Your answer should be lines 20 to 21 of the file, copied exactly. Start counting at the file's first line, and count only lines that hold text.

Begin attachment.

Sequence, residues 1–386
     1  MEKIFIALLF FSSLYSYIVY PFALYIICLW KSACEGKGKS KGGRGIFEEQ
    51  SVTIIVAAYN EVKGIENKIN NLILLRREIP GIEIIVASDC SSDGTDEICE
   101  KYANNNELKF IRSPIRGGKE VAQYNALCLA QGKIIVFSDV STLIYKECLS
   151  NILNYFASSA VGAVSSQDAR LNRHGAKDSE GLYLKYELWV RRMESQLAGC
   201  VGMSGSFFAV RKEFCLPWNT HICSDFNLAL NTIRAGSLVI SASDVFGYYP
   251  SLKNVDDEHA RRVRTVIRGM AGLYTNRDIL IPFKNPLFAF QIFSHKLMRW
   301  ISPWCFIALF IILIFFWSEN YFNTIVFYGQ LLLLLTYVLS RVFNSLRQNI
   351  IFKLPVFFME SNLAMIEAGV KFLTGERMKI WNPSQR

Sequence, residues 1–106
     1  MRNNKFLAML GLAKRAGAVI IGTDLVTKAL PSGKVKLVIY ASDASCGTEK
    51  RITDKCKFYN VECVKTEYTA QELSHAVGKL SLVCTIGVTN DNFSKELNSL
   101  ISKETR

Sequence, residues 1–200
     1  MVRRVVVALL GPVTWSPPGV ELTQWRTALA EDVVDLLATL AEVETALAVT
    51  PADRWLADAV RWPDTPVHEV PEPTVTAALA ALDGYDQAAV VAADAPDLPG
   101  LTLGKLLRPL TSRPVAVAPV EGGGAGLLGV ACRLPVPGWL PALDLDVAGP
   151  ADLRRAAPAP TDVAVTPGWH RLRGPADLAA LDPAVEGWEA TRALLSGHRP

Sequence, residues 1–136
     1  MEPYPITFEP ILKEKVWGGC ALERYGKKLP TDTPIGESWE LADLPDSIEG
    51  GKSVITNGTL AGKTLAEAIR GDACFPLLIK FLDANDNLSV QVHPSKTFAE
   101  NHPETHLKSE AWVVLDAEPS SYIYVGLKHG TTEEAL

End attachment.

     1  MEPYPITFEP ILKEKVWGGC ALERYGKKLP TDTPIGESWE LADLPDSIEG
    51  GKSVITNGTL AGKTLAEAIR GDACFPLLIK FLDANDNLSV QVHPSKTFAE